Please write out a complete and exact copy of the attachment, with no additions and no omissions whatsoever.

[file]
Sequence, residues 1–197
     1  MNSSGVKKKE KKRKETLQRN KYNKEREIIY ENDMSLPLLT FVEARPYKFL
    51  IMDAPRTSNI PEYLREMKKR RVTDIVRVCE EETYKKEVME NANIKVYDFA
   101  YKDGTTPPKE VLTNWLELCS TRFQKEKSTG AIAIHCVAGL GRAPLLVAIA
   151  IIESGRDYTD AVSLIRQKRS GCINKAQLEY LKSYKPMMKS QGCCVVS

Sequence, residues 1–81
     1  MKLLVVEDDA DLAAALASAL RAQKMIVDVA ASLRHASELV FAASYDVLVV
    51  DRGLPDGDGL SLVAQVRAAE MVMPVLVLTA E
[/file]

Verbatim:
Sequence, residues 1–197
     1  MNSSGVKKKE KKRKETLQRN KYNKEREIIY ENDMSLPLLT FVEARPYKFL
    51  IMDAPRTSNI PEYLREMKKR RVTDIVRVCE EETYKKEVME NANIKVYDFA
   101  YKDGTTPPKE VLTNWLELCS TRFQKEKSTG AIAIHCVAGL GRAPLLVAIA
   151  IIESGRDYTD AVSLIRQKRS GCINKAQLEY LKSYKPMMKS QGCCVVS

Sequence, residues 1–81
     1  MKLLVVEDDA DLAAALASAL RAQKMIVDVA ASLRHASELV FAASYDVLVV
    51  DRGLPDGDGL SLVAQVRAAE MVMPVLVLTA E